Nothing in the Bible would cause us to call a famine good or a heart attack good or a terrorist attack good. These are terrible calamities, born out of a fallen earth. Yet every message in the Bible compels us to believe that God will mix them with other ingredients, and bring good out of them. But we must let God define good. Our definition includes health, comfort, and recognition. His definition? In the case of His Son, Jesus Christ, the good life consisted of struggles, storms, and death. But God worked it all together for the greatest of good: His glory and our salvation.

At some point we all stand at this intersection. Is God good when the outcome is not? Do you want to know heaven’s clearest answer to the question of suffering? Take a look at Jesus!

From You’ll Get Through This

Posted by Smithy

The government has won a vote to prevent public sector pay rises for front line workers after nurses selfishly refused to guarantee Theresa May a more stable majority in the house of commons.

Posted by Andrew Sparrow

Rolling coverage of the day’s political developments as they happen

The Queen’s speech debate finally ends today. Last night the Labour amendment opposing the public sector pay cap was defeated by 14 votes. In an unusual move, MPs will vote on another frontbench Labour amendment today. It essentially summarises the Labour manifesto. It says:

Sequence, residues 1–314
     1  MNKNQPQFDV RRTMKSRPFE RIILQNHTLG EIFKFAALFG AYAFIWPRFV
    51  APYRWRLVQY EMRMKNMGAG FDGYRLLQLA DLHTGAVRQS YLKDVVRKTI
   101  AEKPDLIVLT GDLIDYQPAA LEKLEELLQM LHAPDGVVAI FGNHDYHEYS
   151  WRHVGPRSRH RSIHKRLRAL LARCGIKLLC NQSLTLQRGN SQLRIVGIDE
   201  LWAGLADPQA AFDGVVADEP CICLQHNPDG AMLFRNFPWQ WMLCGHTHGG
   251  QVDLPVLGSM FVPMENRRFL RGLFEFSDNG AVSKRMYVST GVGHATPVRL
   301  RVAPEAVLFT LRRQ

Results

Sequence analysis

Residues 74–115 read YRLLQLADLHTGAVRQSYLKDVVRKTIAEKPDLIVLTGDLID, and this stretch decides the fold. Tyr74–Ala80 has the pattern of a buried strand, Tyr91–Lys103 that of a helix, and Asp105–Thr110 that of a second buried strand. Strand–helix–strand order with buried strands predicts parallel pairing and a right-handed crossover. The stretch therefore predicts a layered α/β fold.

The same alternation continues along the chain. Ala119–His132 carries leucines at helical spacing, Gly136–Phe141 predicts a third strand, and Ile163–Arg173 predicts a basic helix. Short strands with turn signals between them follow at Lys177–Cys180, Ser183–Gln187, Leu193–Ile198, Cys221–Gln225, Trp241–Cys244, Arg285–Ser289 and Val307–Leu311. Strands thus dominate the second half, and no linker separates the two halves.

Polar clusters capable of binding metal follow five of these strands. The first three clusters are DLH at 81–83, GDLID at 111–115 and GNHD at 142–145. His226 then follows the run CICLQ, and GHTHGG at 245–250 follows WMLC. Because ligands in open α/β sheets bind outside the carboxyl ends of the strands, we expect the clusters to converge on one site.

At end add ‘but respectfully regret that the Gracious Speech fails to end austerity in public services, to reverse falling living standards and to make society more equal; further regret that it contains no reference to an energy price cap and call on the government to legislate for such a cap at the earliest opportunity; call on the government to commit to a properly resourced industrial strategy to increase infrastructure investment in every nation and region of the UK; recognise that no deal on Brexit is the very worst outcome and therefore call on the government to negotiate an outcome that prioritises jobs and the economy, delivers the exact same benefits the UK has as a member of the single market and the customs union, ensures that there is no weakening of cooperation in security and policing, and maintains the existing rights of EU nationals living in the UK and UK nationals living in the EU; believe that those who are richest and large corporations, those with the broadest shoulders, should pay more tax, while more is done to clamp down on tax avoidance and evasion; call for increased funding in public services to expand childcare, scrap tuition fees at universities and colleges and restore education maintenance allowance, maintenance grants and nurses’ bursaries; regret that with inflation rising, living standards are again falling; and call on the government to end the public sector pay cap and increase the minimum wage to a real living wage of £10 per hour by 2020.’.